My house has soffit vent along the eaves of the roof. I am finishing up the attic to create a home office, and I am wondering how should I treat the vents... clearly they are not going to have access to the attic, which is going to have AC.

The soffit vents are all around, like this model here:

enter image description here

We are in New England, where the winters are brutal. Ice dam formation on the roof is a real issue, and so the vents are connected to these rafter vent baffles to make the temperature of the edge of the roof uniform (if the edges heat up, the snow melts and forms ice, leading to a dam).

enter image description here

The area where the baffles are is going to be enclosed behind drywall, I do not have to remove them for aesthetic reasons. I am thinking of closing the top edge with staples, backing them with insulation, and let them do their thing in this closed space.

Any suggestions? Am I doing the right thing, or should I remove the baffles?

  • I'm not sure what you mean by "clearly they are not going to have access to the attic". Normally soffit vents do create access to the attic. Also, what does "have AC" mean? Please revise to clarify. Does "finishing up the attic" mean that you're creating a habitable space? We really need more information. It sounds like you're planning a hot roof, which isn't advisable.
    – isherwood
    Commented Dec 7, 2020 at 19:17
  • Yes, the intent is to create a home office in the attic, and to climate-control the space with heating and AC.
    – 0xF2
    Commented Dec 8, 2020 at 23:34
  • 1
    I went on the roof and confirmed we have a (nicely done) ridge vent, so I will add panels from the baffles all the way to the ridge vent, connecting the gables and ridge as per @isherwood's answer. Only question remaining is if I can use foam board insulation behind them, or fiber glass is only option.
    – 0xF2
    Commented Dec 14, 2020 at 3:28
  • Fiber glass is the way to go, as it simplifies fire code requirements (no need to fire-proof the insulation).
    – 0xF2
    Commented Apr 3, 2021 at 1:47

2 Answers 2


Those baffles can't "do their thing" if you close one end. You need a complete ventilation circuit between the soffit and the ridge to prevent extreme temperatures on your roof deck and heat migrating into your living space, followed by ice dams in winter.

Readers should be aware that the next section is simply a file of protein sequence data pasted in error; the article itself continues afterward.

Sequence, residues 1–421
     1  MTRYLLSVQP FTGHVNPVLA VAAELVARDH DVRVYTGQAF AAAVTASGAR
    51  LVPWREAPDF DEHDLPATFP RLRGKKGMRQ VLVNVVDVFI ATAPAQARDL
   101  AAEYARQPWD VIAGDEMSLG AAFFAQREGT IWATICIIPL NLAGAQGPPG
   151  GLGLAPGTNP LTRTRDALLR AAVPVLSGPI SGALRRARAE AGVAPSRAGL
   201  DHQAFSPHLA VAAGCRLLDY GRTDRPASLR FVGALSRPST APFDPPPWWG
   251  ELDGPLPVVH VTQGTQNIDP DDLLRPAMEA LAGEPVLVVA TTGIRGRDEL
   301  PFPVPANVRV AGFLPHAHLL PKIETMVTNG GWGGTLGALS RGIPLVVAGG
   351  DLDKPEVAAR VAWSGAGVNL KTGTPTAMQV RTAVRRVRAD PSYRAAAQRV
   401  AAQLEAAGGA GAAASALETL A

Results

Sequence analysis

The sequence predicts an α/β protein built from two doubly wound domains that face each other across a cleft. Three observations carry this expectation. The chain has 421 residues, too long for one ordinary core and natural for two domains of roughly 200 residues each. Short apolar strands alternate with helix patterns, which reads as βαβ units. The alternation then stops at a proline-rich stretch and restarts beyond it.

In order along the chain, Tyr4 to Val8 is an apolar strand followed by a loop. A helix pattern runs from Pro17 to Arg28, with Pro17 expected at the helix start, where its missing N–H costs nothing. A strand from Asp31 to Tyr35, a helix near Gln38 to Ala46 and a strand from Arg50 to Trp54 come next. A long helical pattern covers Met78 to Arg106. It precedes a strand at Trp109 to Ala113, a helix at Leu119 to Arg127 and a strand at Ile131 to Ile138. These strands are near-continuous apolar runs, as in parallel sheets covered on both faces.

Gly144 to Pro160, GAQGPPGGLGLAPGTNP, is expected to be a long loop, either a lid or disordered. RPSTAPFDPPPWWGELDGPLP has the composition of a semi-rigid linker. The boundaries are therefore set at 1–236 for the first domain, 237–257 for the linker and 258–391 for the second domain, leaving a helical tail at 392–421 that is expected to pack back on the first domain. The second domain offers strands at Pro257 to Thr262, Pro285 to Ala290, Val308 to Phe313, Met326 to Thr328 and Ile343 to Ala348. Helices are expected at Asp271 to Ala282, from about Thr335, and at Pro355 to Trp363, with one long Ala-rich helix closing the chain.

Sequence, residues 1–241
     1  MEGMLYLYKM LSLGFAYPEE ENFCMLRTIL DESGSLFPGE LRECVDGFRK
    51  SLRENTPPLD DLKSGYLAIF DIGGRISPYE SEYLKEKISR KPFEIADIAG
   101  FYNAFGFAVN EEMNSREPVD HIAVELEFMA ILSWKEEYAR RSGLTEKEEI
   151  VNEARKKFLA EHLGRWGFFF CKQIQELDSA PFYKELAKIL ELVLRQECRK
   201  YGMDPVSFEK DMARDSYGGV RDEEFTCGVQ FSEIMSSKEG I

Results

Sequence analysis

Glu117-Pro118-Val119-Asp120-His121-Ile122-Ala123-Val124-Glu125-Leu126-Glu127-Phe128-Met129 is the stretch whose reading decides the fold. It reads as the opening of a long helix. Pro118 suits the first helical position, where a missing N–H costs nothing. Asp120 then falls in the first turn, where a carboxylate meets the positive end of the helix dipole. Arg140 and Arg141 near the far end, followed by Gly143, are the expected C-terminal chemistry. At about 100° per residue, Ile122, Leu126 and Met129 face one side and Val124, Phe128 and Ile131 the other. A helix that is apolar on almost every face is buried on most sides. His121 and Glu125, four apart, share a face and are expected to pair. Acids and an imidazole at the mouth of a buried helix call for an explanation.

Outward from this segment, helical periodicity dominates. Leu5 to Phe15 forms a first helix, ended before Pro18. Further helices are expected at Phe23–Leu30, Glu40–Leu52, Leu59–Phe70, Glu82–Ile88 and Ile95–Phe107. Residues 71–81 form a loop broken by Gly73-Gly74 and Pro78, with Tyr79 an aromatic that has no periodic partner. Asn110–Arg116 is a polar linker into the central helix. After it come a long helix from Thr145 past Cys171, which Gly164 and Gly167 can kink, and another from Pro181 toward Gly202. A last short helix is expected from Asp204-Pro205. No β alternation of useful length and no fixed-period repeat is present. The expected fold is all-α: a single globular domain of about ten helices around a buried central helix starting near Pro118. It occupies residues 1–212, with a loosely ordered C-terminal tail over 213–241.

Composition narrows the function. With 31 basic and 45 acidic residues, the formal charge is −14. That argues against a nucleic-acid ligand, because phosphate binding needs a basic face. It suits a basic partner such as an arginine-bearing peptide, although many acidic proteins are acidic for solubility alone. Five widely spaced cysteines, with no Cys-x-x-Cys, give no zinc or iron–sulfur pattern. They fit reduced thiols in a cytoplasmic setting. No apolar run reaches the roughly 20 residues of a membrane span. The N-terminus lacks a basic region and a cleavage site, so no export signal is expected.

You need to maintain ventilation against the roof sheathing the entire way up, otherwise you'll build what's known as a "hot roof". That has significant drawbacks and implications for energy efficiency and moisture management. Here's what it'll look like:

enter image description here


Be sure you have a good understanding of why this is important and how to accomplish it before you proceed.

  • The attic also has a ridge vent. Boy, is there a debate on what to do with the gables on the FHB site! Thanks you for the link, lots of information there.
    – 0xF2
    Commented Dec 12, 2020 at 5:28
  • Reading all the material, it looks like the "right" way to do it is baffles all the way to the top, a ridge vent, insulation behind the baffles, and then fire protection behind the insulation. From comments, it also looks like "success may vary" depending on what the roof shape and location are like, and that roofs not built recently still work without all this, but then some craftsman expertly designed it.
    – 0xF2
    Commented Dec 12, 2020 at 6:00
  • One more question: assuming baffles all the way to the top, can one use foam panel insulation behind them, instead of fiberglass? I assume either insulation type will still require fire-rated panels behind them.
    – 0xF2
    Commented Dec 12, 2020 at 6:01
  • 1
    Anything rigid enough to prevent collapse of the vent cavity is fine. Ridgid panels are a common solution. In fact I'll be doing the same thing in my garage soon.
    – isherwood
    Commented Dec 13, 2020 at 14:25
  • asuperiorinspection.net/attic-insulation — nice resource.
    – 0xF2
    Commented Dec 14, 2020 at 3:33

Do not remove or close off the baffles. As you noted, they're there to allow air to flow under the surface of the roof keeping the temperature there even to prevent ice dams from forming and all the trouble they lead to.

The baffle is designed to allow you to insulate the rafter bay while still allowing for this air flow. Other than "closing the top edge with staples (I'm not sure what, exactly, that means) you're right on track.

  • So, I should treat the space behind the drywall as a "cold space", with the baffles backed by glass fiber insulation? Or something else? The staples are because the baffle model I have is open-ended, and spills cold air into the rest of the attic.
    – 0xF2
    Commented Dec 8, 2020 at 23:36
  • 1
    – Alaska Man
    Commented Dec 8, 2020 at 23:44
  • 1
    You'll have a channel for air movement between the bottom of the roof deck and the top of the baffles. Under the baffle, you'll insulate. Once your insulation has been inspected, you'll drywall/tape/mud/paint to create a finished interior surface. You must allow hot/cold air to "spill" into the roof vents. If you don't have roof vents, now's the time to install 'em.
    – FreeMan
    Commented Dec 9, 2020 at 14:56

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